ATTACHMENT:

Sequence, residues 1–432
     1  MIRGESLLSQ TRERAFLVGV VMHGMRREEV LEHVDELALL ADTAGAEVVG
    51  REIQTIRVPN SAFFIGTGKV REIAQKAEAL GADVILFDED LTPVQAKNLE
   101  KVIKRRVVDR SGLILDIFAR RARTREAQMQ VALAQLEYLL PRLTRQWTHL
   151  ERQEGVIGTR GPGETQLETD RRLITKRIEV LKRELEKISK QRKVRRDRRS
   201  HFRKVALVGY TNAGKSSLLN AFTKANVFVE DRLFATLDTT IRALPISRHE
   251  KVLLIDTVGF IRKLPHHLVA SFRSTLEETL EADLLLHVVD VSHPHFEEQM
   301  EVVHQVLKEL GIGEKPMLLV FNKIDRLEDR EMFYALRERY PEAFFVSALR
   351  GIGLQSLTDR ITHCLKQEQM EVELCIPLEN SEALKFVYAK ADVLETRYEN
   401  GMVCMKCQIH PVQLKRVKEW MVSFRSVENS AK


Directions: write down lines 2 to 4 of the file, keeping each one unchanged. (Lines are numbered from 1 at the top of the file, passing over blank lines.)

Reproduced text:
     1  MIRGESLLSQ TRERAFLVGV VMHGMRREEV LEHVDELALL ADTAGAEVVG
    51  REIQTIRVPN SAFFIGTGKV REIAQKAEAL GADVILFDED LTPVQAKNLE
   101  KVIKRRVVDR SGLILDIFAR RARTREAQMQ VALAQLEYLL PRLTRQWTHL